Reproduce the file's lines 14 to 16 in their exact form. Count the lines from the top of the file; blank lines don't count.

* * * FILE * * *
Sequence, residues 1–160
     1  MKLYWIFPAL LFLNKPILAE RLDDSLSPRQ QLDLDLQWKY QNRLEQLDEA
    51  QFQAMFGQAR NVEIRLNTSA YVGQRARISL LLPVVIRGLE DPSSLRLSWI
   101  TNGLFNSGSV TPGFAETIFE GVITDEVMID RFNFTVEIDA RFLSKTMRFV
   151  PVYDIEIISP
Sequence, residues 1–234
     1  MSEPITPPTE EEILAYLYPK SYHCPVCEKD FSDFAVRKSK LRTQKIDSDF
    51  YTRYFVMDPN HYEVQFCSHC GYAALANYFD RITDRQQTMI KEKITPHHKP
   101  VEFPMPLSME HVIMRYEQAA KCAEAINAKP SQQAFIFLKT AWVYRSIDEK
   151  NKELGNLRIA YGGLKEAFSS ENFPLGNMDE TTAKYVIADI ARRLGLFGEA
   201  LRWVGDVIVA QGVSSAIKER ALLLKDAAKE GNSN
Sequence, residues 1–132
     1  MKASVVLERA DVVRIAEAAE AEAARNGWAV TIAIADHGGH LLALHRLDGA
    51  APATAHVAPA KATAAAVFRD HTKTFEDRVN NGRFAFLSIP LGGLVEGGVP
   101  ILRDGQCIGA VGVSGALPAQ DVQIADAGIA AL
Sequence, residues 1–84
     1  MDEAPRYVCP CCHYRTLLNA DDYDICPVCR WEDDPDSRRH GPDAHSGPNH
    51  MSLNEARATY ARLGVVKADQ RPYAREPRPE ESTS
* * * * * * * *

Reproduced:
    51  APATAHVAPA KATAAAVFRD HTKTFEDRVN NGRFAFLSIP LGGLVEGGVP
   101  ILRDGQCIGA VGVSGALPAQ DVQIADAGIA AL
Sequence, residues 1–84